Tuesday, 12 April 2016
Now I say that the heir, as long as he is a child, does not differ at all from a slave, though he is master of all, Galatians 4:1
In the previous chapter, and in particular verses 23-25, Paul had spoken about those under the law as being under a tutor (someone who would tend to the child as a guardian). He will now expand upon that thought, comparing the child, here termed “the heir,” who is under a tutor, to a person living under the law.
This “heir,” as long as he is a child does not have the right to run the estate. He doesn’t have the maturity or understanding of what to do in order to keep the estate. And so, even though he is the heir to the estate, at that point he “does not differ at all from a slave.”
The word here translated as “child” is the Greek word népios. It refers to an infant, and figuratively to a simple-minded or immature person. Thus it is a minor who has the inability to properly handle the full rights that he may be entitled to.
A slave has no right to run an estate. Instead, he takes orders, performs whatever functions are required of him, and keeps out of those areas his master has forbidden him to participate in. The child of the master, though heir, is in exactly the same position. And so he truly is no different than the slave in this regard. And this is despite the fact that “he is master of all.”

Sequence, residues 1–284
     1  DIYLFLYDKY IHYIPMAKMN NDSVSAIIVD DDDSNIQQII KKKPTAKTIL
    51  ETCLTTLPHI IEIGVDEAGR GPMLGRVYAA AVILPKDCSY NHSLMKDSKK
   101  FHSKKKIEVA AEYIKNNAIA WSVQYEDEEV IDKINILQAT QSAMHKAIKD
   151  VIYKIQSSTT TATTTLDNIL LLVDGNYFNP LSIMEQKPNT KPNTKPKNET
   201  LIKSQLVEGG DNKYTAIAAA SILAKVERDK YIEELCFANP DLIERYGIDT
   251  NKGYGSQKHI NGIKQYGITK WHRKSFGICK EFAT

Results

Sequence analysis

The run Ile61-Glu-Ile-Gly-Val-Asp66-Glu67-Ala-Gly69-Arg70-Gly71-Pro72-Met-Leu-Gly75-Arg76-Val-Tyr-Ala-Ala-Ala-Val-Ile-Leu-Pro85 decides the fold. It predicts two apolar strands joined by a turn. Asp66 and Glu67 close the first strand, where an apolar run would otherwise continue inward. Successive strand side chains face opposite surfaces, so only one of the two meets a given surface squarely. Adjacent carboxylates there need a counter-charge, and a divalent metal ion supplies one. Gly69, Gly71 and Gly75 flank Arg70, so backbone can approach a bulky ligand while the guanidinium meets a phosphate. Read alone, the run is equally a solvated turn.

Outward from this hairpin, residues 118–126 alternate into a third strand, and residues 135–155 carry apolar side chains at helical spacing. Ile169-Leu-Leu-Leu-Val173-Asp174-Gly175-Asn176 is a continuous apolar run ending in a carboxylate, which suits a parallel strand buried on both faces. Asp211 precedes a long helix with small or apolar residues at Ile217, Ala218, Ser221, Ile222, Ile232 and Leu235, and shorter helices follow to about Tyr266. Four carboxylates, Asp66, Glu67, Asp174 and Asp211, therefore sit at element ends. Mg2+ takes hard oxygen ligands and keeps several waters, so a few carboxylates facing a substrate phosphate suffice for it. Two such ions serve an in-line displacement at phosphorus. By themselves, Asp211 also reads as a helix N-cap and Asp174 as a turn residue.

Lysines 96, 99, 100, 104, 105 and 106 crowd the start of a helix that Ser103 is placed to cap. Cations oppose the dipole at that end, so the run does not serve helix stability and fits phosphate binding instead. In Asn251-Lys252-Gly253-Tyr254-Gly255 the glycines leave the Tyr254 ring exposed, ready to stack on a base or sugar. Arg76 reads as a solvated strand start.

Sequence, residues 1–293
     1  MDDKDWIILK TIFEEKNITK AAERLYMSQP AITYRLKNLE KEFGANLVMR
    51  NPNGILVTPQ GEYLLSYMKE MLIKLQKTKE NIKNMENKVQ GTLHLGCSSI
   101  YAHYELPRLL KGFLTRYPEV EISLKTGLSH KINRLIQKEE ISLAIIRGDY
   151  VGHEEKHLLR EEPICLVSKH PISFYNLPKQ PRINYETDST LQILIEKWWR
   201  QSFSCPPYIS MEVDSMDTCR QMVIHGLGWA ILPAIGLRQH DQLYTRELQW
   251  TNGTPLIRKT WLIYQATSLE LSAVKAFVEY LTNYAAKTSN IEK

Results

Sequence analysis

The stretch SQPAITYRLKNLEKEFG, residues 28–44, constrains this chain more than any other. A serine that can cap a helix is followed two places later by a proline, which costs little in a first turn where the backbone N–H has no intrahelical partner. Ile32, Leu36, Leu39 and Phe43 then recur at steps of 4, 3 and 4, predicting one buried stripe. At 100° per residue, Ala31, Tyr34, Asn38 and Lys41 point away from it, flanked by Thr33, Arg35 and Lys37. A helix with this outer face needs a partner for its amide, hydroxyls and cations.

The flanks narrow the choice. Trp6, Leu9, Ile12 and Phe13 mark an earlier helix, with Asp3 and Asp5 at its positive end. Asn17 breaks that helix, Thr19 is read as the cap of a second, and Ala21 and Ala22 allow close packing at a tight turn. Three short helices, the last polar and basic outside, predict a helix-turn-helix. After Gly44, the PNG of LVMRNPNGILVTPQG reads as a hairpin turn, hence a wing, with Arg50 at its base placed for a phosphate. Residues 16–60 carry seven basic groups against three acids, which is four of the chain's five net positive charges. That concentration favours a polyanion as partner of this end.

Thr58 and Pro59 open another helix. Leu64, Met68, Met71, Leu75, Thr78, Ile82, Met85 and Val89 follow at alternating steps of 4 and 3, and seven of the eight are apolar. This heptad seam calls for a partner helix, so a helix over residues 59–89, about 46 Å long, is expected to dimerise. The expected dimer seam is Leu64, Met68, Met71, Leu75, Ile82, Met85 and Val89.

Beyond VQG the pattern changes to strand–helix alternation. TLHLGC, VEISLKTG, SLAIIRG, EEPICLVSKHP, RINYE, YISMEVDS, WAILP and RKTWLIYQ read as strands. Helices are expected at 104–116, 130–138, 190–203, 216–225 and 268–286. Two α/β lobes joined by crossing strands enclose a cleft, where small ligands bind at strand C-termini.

The heir will someday assume the full rights of his position. But that time must wait until he is ready and capable of doing so. Until that point, he may have certain privileges, but he does not have the right to the estate itself.
Paul will continue to discuss this and explain what he means, but he is making a parallel to those under the law before coming to Christ. Their status as heirs was not in question, but their rights as heirs were not fully developed. Until they came to Christ by faith, they did not have the rights of the inheritance. Instead, they remained in a position of servitude to the law. This would only end in their coming to Christ through His accomplishment of the law.
Life application: For the nine-jillionth time, Paul has shown that being under the law is contrary to being “in Christ.” The law keeps people in bondage; the gospel frees them. To mandate observances of the law to those who have already come to Christ can only be harmful to the relationship that had been established. To mandate observances of the law to those who have not yet come to Christ can only keep such a person from ever being liberated and to entering into a right relationship with God.
Wonderful freedom! This is what we enjoy when we call on Christ. The chains are broken, hearts are set free, and adoption as sons of God takes place. The law which stood against these things is nailed to His cross, and the joy of the Lord comes in its fullest sense! How good You are, O God, to have reconciled us to You through the life, death, and resurrection of our Lord of glory! Amen.